What is Gamma

Gamma is the rate of change in an option's delta per 1-point move in the underlying asset's price. Gamma is an important measure of the convexity of a derivative's value, in relation to the underlying. A delta hedge strategy seeks to reduce gamma in order to maintain a hedge over a wider price range. A consequence of reducing gamma, however, is that alpha will also be reduced.

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Gamma

Basics of Gamma

Gamma is the first derivative of delta and is used when trying to gauge the price movement of an option, relative to the amount it is in or out of the money. In that same regard, gamma is the second derivative of an option's price with respect to the underlying's price. When the option being measured is deep in or out of the money, gamma is small. When the option is near or at the money, gamma is at its largest. All options that are a long position have a positive gamma, while all short options have a negative gamma.

Gamma Behavior

Since an option's delta measure is only valid for short period of time, gamma gives traders a more precise picture of how the option's delta will change over time as the underlying price changes. Delta is how much the option price changes in respect to a change in the underlying asset's price.

As an analogy to physics, the delta of an option is its "speed," while the gamma of an option is its "acceleration."

Gamma decreases, approaching zero, as an option gets deeper in the money and delta approaches one. Gamma also approaches zero the deeper an option gets out of the money. Gamma is at its highest when the price is at the money.

The calculation of gamma is complex and requires financial software or spreadsheets to find a precise value. However, the following demonstrates an approximate calculation of gamma. Consider a call option on an underlying stock that currently has a delta of 0.4. If the stock value increases by $1, the option will increase in value by $0.40, and its delta will also change. After the $1 increase, assume the option's delta is now 0.53. The 0.13 difference in deltas can be considered an approximate value of gamma.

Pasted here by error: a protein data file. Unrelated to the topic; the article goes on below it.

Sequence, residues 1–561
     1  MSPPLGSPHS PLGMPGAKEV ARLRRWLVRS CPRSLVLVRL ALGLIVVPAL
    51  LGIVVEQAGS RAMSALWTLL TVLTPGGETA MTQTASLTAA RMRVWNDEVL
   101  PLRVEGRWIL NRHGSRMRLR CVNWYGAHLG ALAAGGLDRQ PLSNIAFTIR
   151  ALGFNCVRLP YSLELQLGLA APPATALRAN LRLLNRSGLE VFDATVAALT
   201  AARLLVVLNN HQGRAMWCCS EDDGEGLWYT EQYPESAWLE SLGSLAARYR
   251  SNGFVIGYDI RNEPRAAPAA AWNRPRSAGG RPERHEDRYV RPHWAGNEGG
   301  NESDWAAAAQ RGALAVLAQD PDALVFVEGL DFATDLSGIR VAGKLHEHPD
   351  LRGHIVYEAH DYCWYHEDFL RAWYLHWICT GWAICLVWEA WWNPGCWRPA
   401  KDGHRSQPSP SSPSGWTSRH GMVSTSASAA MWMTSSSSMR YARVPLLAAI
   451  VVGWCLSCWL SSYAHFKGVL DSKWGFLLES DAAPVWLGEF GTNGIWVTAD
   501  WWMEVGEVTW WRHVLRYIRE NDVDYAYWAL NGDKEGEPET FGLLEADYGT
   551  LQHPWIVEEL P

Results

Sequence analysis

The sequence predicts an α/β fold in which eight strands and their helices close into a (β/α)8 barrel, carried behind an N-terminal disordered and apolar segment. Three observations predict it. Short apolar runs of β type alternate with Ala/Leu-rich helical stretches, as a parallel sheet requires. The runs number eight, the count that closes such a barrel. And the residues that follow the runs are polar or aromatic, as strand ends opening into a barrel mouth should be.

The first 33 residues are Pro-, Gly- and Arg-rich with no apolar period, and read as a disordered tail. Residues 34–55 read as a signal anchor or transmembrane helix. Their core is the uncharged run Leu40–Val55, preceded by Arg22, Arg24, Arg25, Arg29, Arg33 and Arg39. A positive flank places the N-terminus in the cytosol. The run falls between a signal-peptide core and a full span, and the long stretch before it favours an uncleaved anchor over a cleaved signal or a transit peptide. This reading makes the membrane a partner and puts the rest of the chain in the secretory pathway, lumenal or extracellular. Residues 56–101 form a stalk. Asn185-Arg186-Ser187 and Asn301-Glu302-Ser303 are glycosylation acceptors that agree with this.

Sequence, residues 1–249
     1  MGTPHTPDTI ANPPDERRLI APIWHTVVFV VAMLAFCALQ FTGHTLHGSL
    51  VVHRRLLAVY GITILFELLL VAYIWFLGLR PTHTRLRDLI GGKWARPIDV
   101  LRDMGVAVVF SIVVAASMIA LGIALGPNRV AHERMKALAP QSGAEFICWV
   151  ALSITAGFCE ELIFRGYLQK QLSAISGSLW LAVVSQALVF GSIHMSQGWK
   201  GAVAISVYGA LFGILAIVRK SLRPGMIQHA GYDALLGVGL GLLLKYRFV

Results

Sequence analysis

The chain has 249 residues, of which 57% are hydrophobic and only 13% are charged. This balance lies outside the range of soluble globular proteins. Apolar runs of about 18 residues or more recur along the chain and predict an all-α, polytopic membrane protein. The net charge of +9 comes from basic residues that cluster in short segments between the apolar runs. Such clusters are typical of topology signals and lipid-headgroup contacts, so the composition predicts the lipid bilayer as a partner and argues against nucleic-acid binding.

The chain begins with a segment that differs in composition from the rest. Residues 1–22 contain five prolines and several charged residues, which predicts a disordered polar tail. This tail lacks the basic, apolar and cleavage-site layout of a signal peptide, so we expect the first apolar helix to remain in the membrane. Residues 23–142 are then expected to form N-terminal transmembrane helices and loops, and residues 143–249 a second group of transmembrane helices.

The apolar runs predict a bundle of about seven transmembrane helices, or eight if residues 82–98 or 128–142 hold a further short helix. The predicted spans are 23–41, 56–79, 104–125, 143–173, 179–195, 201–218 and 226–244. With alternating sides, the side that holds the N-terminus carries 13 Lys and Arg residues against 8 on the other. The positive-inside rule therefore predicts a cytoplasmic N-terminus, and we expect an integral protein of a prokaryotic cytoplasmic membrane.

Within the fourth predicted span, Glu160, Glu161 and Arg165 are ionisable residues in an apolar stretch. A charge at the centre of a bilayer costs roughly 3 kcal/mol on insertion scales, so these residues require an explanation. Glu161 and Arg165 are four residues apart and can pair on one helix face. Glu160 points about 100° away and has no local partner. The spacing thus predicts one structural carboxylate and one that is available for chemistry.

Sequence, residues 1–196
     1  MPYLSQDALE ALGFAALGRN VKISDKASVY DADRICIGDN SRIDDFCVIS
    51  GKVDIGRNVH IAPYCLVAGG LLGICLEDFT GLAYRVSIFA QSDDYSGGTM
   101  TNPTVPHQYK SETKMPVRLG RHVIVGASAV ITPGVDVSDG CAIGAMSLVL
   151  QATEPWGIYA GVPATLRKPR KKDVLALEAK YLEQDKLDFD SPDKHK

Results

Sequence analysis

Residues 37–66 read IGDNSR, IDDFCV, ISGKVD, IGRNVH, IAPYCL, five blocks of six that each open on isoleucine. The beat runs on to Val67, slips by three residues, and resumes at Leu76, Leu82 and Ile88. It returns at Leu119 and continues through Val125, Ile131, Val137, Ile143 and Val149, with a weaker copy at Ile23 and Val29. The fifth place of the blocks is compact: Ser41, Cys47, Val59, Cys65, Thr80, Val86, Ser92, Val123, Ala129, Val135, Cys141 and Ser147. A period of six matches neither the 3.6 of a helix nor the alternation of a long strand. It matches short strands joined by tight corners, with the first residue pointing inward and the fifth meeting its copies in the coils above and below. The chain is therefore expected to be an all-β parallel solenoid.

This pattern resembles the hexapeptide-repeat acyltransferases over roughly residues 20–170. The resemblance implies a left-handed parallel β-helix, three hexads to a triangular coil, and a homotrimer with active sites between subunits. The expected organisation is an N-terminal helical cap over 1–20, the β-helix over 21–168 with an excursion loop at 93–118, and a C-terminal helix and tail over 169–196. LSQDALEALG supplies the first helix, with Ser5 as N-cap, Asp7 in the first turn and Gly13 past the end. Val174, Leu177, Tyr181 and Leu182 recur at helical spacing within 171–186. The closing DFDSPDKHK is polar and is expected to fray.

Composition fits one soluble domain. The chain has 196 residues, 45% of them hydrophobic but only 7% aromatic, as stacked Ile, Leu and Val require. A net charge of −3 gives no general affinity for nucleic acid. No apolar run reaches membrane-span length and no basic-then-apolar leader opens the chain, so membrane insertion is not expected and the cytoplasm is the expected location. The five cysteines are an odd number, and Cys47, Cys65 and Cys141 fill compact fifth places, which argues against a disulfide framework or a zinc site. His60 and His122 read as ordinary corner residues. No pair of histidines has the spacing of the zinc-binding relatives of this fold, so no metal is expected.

Gamma is an important metric because it corrects for convexity issues when engaging in hedging strategies. Some portfolio managers or traders may be involved with portfolios of such large values that even more precision is needed when engaged in hedging. A third-order derivative named "color" can be used. Color measures the rate of change of gamma and is important for maintaining a gamma-hedged portfolio.

Key Takeaways   

  • Gamma is the rate of change for an option’s delta based on a single-point move in the delta’s price.
  • Gamma is at its highest when an option is at the money and is at its lowest when it is further away from the money.

Example of Gamma

Suppose a stock is trading at $10 and its option has a delta of 0.5 and a gamma of 0.1. Then, for every 10 percent move in the stock’s price, the delta will be adjusted by a corresponding 10 percent. This means that a $1 increase will mean that the option’s delta will increase to 0.6. Likewise, a 10 percent decrease will result in corresponding decline in delta to 0.4.